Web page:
Law Enforcement or Public Safety—What’s in Our Future?
President Obama recently convened a Taskforce on 21st Century Policing is proof positive that our nation is grappling with how police and communities can best work together to make our neighborhoods safer. Now is the time to refocus police departments’ role as guardians of their communities.
Take a look back to the father of modern policing, Sir Robert Peel, who believed that police required moral legitimacy sourced from the “affection and cooperation of the public.” Volunteer ‘night watchmen’ and later, paid ‘constables’ were typically from the local community. These officers had long-standing personal relationships with the people they served. Intimacy reinforced by walking beats allowed police to become a known go to resource in the community.
Unfortunately, too much of modern policing has shifted away from this model. While the technology innovation of the two-way radio, 9-1-1 dispatch and patrol cars help police do their jobs over a much larger coverage area, it is also true that those innovations have further isolated police from communities they serve.
Granted, policing jobs have grown tougher with more rules to enforce over a culturally diverse, mobile population, with additional media scrutiny. The number of criminal offenses listed in the U.S. Code* increased almost 50% from 3,000 in the early 1980s to over 4,450 by 2008. Some would argue this has created an occupation-style policing in many locales – focused on rule enforcement rather than the endgame of public safety. In short, too many communities get the full brunt of law enforcement with very little public safety outcomes.
The Unintended Consequences
The unintended consequences of less connected police enforcing a growing list of criminal laws in part driven by the war on drugs have been staggering. In some major cities, as many as 80% of young African American men have criminal records, permanently locking them out of mainstream society. We have also seen the aggressive adoption of ‘stop and frisk’ tactics. While in some locations these initiatives have produced modest short-term reductions in crime, they have also accelerated longer-term cost of extensive community distrust of law enforcement.
This mistrust of police is exemplified by the anti-snitching posture adopted by residents at the expense of their own public safety. One proof point of increased mistrust is the low rate of 9-1-1 calls following gunfire incidents in urban areas: ShotSpotter data tells us that, in low-income neighborhoods, only 10-20 percent of shots fired are called in. Yet in affluent neighborhoods, where gunfire is rare, a significantly higher percentage of shots fired are reported. These call-in rates reflect different expectations of law enforcement, and the respective lens through which these communities interact with and view police.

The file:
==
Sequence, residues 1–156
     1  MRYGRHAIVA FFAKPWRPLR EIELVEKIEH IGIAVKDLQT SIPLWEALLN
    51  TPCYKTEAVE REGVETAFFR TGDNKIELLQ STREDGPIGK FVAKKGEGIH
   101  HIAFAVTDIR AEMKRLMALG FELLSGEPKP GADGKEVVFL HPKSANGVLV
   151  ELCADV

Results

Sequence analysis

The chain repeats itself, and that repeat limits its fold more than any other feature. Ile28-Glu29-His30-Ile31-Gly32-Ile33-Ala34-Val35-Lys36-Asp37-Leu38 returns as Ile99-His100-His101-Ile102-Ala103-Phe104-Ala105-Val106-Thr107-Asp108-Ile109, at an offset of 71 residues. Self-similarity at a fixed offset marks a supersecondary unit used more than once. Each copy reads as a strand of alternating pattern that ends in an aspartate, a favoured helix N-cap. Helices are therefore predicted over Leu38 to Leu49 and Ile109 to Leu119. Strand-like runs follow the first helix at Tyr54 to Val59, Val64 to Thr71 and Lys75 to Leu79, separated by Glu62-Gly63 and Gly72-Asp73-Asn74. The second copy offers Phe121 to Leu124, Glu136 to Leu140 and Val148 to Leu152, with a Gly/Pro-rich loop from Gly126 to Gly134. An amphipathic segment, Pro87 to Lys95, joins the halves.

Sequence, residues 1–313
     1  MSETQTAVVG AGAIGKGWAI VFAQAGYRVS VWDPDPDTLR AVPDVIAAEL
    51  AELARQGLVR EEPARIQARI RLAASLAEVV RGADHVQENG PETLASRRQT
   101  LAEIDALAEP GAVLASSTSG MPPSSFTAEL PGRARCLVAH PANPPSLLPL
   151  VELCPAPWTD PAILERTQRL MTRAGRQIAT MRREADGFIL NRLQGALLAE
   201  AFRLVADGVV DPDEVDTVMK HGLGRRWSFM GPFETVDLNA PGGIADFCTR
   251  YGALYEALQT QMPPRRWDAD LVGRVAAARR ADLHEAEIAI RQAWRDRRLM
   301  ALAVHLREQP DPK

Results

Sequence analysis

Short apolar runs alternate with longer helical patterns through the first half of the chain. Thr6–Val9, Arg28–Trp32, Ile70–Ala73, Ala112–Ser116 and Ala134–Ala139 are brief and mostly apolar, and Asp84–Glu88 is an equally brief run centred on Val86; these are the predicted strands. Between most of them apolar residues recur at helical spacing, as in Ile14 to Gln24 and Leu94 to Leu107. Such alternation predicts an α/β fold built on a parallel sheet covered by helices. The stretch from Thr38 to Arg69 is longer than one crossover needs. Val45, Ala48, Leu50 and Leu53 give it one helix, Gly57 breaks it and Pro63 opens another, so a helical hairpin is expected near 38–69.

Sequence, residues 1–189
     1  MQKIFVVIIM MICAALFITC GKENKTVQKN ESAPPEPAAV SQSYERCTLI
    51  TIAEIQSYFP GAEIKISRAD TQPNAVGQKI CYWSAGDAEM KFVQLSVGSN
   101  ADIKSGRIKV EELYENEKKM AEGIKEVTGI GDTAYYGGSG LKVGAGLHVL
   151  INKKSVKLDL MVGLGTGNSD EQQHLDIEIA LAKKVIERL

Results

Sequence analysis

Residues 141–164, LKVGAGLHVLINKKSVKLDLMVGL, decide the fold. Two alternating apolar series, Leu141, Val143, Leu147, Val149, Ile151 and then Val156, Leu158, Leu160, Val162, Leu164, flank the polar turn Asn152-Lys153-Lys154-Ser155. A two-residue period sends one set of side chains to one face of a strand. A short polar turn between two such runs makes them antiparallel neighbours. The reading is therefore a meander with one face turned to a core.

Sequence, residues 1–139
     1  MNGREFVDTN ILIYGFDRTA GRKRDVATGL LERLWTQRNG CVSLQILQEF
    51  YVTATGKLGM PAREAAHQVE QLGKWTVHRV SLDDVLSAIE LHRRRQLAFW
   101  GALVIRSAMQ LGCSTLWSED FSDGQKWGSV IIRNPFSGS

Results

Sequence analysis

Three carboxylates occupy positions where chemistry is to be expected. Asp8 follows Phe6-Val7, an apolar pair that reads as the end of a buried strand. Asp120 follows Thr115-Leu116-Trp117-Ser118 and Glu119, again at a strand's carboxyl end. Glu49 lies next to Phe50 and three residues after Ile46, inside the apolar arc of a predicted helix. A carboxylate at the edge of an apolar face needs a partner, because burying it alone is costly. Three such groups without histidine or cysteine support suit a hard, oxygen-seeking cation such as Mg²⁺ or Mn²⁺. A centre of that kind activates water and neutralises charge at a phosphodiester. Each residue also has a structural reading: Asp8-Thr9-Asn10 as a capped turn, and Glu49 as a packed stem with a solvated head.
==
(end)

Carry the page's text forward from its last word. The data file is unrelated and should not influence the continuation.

A Path Forward: Community-Oriented PUBLIC SAFETY
It is time for police agencies to focus heavily on three reforms: 1) connect more officers to the local communities they serve; 2) ensure a diverse force that reflect their communities; 3) leverage technology that connect police to communities. We are hopeful that the newly-formed Department of Justice’s “National Initiative for Building Community Trust and Justice” and the President’s Taskforce on 21st Century Policing will look closely at these factors.
We call out leading police agencies like Camden, New Jersey and New Haven, Connecticut. Both have a keen understanding that aggressive law enforcement tactics, not linked to community-oriented public safety outcomes and law enforcement legitimacy, are often perceived to be military-like “occupations”, isolating officers from residents they are meant to serve. We know from experience that occupations are expensive, unsustainable and ineffective in the long term.
In South Bend, Indiana the Police Department utilizes ShotSpotter, to provide a more effective response to gun crime in underserved communities. In real time, law enforcement knows when, where and how many times a gun is fired. Their tactical response includes taking the extra step of knocking on doors in the area where the gunshot occurred, checking whether the occupants are okay.
This tactic is extremely powerful, demonstrating that police both know about the gunfire and care. Over time these small, but cumulative positive interactions create extensive goodwill and closer relations between community and local police. The result is increased calls for service and, more importantly, critical information that can lead to arrests and deterrence of troublemakers.
When police agencies blend technology with a community focus, amazing things can happen. Sir Robert Peel would be proud of these efforts in combining modern technology with true community-focused policing.
Ralph Clark is President and CEO of SST, Inc, which has installed its acoustic based gunshot detection systems in over 85 cities across the United States and in several international locations. Mr. Clark can be reached at 1.888.274.6877.
* The Heritage Foundation report, Overcriminalization: An Explosion of Federal Criminal Law